Philanthropy Impact

Inspiring philanthropy and social investment across borders, sectors and causes

What does impact investing really mean?

Impacting investing: trends, issues and capabilities

Magazine article

 

 

 

Impact is a word that has increasingly become part of our professional lexicon, but we still struggle to agree what it means. When developing our understanding of impact investing, we often have lots of questions: Can high social impact go hand in hand with market-level financial returns? What role does philanthropy play in relation to impact investment? Is it possible to robustly and comparably measure the impact of different investments?

Impact investing has been growing and maturing over the last decade, attracting the attention of an increasing number of people. New resources and capital moving into the sector are great news. The challenge, however, is that the risk-return-impact discussion becomes more blurred, creating confusion amongst both investors and investees and sometimes even disillusions or frustrations due to mismatched expectations and lack of clarity around intention. The European Venture Philanthropy Association (EVPA) published its Impact Strategies report at the end of 2018 as an important step forward in the process of clearing the air around risk, return and impact. It describes in concrete terms the difference between two impact strategies: ‘investing for impact’ and ‘investing with impact’.

Impact investing has been growing and maturing over the last decade, attracting the attention of an increasing number of people. New resources and capital moving into the sector are great news.

What’s the difference?

Investing for impact means starting with the needs of the social purpose organisation (SPO) and backengineering which financial instruments are most appropriate to support them. These investors take risks that no other actor (e.g. government, mainstream investors) can take – or is willing to take but are generally deploying relatively small pools of capital. Investors for impact often test – and sometimes scale – new solutions to social issues that have the potential to become financially sustainable. But these investors also have a role to play in supporting SPOs that provide valuable products or services with no commercial market and in building social infrastructures.

Investors with impact have access to larger pools of capital but need to guarantee a certain financial return on investment alongside the intended positive impact. Investors with impact mainly have a role in scaling proven business models, and in making sure social impact considerations become part of all their investment decisions. These two strategies commonly interact when investors for impact prepare SPOs for investors with impact, who can then help them generate impact at scale. Both strategies are valuable and exist alongside one other to support different maturities and types of social purpose organisation.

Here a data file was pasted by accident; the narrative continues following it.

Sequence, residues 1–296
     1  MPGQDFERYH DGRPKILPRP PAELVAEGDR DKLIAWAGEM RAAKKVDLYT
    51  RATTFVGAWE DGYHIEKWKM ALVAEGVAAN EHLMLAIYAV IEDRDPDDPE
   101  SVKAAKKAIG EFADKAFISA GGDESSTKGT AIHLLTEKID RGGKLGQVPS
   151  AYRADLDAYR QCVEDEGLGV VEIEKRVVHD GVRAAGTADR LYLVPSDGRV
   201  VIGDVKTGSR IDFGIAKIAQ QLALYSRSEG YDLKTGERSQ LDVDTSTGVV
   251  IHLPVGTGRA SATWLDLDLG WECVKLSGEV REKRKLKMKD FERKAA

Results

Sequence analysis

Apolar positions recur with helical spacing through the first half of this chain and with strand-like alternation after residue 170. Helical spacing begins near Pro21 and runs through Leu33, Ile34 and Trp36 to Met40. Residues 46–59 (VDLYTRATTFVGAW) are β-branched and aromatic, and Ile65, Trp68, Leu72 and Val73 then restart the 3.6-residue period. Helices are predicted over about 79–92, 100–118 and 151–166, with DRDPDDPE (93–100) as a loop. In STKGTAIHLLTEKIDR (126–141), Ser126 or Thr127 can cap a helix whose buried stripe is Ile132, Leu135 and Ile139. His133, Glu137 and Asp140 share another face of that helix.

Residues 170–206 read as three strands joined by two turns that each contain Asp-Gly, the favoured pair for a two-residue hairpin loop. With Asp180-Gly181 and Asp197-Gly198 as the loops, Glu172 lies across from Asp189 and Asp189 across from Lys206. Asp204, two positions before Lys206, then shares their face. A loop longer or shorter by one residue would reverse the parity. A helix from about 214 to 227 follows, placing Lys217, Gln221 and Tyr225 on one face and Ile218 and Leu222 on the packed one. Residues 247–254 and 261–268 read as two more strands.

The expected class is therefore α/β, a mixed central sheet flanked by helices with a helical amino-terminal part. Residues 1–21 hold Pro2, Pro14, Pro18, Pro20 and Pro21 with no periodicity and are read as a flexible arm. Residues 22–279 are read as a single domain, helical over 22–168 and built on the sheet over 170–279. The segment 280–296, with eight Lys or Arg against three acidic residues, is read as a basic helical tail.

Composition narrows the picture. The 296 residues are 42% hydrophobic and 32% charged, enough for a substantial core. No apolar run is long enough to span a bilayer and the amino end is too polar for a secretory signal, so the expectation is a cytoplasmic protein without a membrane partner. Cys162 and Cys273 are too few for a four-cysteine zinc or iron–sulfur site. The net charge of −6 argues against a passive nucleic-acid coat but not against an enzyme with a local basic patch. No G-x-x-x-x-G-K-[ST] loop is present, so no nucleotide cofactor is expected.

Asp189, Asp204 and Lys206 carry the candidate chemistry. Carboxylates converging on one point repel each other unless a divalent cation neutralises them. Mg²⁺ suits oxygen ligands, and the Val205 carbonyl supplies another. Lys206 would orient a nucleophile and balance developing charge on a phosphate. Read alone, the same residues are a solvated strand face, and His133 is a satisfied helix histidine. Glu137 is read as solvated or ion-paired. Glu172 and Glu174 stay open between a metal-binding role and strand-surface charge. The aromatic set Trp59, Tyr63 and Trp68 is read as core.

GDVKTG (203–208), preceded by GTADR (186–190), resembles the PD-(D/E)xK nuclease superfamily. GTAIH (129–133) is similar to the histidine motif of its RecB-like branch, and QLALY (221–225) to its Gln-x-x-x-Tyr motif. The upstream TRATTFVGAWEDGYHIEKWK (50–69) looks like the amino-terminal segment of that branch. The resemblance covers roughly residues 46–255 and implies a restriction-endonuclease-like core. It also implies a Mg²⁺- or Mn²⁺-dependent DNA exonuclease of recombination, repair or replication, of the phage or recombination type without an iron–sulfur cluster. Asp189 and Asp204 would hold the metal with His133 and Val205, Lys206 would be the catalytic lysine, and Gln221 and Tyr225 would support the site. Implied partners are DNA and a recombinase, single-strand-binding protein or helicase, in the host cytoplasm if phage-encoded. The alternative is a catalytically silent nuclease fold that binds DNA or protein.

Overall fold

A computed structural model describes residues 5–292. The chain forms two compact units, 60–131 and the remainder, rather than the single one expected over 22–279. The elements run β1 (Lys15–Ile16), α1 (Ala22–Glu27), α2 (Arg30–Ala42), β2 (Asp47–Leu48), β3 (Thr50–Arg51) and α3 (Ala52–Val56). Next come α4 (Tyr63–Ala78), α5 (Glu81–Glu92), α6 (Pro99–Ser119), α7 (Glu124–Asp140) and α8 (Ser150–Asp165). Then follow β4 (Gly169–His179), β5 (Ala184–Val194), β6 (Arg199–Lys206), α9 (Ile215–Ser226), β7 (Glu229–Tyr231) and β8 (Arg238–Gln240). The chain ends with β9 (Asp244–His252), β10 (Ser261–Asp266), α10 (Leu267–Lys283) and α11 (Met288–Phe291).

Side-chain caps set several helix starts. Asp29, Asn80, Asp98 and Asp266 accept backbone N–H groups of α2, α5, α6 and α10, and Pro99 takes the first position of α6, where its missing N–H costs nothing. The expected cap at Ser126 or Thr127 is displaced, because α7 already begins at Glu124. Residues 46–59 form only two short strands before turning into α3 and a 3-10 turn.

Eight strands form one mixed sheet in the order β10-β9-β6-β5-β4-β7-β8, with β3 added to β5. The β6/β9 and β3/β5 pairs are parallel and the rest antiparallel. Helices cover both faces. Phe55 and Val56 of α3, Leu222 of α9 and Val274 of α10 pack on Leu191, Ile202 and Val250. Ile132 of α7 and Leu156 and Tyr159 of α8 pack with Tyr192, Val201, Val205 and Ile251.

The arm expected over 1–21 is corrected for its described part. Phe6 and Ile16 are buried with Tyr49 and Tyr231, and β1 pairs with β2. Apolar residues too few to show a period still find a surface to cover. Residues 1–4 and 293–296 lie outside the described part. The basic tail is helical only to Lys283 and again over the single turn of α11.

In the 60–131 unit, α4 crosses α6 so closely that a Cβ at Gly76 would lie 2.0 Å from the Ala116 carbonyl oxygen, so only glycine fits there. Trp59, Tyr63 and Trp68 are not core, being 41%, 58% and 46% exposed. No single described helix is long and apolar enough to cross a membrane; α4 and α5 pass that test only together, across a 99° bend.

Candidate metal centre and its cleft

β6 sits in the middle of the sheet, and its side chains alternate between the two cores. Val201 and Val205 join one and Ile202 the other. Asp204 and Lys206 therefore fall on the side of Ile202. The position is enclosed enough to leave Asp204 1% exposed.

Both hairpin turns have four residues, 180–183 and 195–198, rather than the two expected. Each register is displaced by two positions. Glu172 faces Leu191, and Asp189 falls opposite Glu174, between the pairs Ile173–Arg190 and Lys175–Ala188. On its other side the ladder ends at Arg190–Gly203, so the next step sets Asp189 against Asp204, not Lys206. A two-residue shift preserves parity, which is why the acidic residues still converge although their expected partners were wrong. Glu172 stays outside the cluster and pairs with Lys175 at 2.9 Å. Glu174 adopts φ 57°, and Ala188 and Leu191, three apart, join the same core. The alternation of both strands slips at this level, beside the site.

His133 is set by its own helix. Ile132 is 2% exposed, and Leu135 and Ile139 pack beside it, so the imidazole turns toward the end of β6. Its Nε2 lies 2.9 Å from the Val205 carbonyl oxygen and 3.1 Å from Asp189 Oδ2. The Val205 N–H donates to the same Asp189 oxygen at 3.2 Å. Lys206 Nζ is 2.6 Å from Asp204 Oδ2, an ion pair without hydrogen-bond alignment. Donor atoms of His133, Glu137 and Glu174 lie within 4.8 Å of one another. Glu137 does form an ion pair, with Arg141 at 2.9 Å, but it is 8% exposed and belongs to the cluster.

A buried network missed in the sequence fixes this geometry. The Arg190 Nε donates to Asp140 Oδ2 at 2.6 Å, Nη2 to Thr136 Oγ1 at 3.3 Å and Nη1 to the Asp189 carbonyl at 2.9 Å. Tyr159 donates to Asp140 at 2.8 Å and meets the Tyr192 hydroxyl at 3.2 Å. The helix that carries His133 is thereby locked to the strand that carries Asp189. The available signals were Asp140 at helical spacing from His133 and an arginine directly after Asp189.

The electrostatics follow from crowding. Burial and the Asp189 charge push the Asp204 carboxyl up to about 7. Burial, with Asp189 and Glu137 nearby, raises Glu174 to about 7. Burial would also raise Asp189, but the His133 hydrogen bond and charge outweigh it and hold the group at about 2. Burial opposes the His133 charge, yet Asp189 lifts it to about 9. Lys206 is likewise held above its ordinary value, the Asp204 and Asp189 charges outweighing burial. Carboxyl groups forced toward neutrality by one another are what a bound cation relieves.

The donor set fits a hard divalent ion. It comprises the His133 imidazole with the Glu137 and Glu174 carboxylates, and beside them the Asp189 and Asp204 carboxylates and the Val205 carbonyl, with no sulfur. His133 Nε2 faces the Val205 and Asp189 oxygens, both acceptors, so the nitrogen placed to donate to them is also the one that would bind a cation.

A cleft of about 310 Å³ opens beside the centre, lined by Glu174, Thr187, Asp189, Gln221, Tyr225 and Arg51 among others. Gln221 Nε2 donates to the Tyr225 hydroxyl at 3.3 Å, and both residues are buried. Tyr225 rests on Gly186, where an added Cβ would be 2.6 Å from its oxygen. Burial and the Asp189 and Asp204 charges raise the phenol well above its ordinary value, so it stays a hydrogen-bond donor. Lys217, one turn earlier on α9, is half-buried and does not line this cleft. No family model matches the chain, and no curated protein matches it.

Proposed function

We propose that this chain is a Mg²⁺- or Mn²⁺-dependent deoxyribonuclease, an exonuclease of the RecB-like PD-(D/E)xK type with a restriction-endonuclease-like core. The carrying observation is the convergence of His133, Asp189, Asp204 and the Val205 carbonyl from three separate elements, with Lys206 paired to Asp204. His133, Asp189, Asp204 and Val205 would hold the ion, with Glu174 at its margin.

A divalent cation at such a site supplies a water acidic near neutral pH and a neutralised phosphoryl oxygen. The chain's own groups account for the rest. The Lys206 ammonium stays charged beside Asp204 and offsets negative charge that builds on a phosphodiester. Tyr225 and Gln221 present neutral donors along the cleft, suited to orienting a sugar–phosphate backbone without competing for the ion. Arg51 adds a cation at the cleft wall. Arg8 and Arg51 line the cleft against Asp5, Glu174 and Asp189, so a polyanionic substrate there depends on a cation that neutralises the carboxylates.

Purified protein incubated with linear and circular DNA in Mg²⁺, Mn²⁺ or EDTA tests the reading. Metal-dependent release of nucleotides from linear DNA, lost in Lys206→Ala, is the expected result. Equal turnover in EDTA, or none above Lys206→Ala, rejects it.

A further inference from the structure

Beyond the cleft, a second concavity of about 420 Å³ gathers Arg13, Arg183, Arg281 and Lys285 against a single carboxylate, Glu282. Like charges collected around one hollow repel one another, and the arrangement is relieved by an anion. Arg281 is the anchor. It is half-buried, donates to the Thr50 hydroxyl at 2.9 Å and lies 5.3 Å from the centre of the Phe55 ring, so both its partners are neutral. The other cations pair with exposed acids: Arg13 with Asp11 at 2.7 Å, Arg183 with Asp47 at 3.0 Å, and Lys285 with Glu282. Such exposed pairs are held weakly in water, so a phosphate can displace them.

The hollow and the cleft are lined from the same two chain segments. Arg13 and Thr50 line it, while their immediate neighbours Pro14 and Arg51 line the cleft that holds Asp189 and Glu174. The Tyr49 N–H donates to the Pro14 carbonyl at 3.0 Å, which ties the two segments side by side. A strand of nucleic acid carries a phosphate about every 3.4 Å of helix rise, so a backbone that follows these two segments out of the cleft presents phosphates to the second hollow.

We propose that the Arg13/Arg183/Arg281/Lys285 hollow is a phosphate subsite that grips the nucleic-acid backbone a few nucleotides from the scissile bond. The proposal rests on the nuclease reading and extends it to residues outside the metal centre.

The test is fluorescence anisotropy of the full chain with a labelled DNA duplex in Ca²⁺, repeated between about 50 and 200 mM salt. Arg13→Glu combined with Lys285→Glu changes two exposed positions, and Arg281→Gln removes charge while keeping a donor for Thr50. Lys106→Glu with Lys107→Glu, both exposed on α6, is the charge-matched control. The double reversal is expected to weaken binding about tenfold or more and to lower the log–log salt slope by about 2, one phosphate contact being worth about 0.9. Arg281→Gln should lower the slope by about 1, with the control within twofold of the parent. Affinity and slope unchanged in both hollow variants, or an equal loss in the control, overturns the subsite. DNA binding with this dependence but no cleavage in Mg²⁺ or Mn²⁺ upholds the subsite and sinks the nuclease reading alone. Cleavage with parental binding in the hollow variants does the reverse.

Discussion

Why is clarity important to professional advisers?

We know that ultra high net worth (UHNW) individuals and high net worth (HNW) individuals are increasingly asking their advisers for impact services and products, particularly the rising Women of Wealth and NextGen groups. Although some actors will always look at social impact as a side effect of a financial return, most are increasingly interested in screening investments according to environmental, social and governance (ESG) criteria, assessing the contribution of their investments to the social development goals (SDGs) and in complying with principles of responsible investment (PRIs). 

Recognising the differences between investors for and with impact is important to help manage client expectations and clearly articulate their options to them.

How does this fit into the traditional investmentreturn continuum?

EVPA uses the SPO’s potential for financial selfsufficiency to determine the appropriate type of capital and where this activity will fit on the investmentreturn continuum. An investment being made with the intention of achieving impact, whether as a primary or secondary priority, will be classified as either investing for or with impact. Investments that are ambivalent to their impact will fall outside.

What does the landscape look like today?

The EVPA Investing for Impact | The EVPA Survey 2017/2018 gathered data from 110 VP/SI organisations across Europe, either focussing exclusively on social return, or seeking a social return alongside a financial one, and adopting the core practices of the venture philanthropy approach (i.e. tailored financing, nonfinancial support and impact measurement and management). We found that:

• Loans are currently the most deployed financial instrument, followed by grants, equity and hybrid instruments (only 5%)

 • The large majority of investors for impact with positive financial return expectations, seek moderated financial returns: respondents deploying equity having expectations not exceeding +10%, and those using debt expecting returns from 0% to +5%. • Grants are largely preserved to support SPOs at incubation and start-up.

What’s next?

Throughout 2019, we will publish case studies, labelled ‘investor cards’, to show how practitioners have translated their strategies in practice, providing a reality check, showing the elements of their investment activity. Each investor card will be coupled with a success story, featured on EVPA Success Stories Website, showcasing practical examples of innovative solutions developed by SPOs, with a specific focus on the way investors for impact contribute to the generation and scale-up of social impact by adopting the venture philanthropy approach.

Conclusion

Let’s join forces and build on the momentum in this changing landscape, engaging seasoned players as well as NextGens and all the investors aiming to address and solve pressing social issues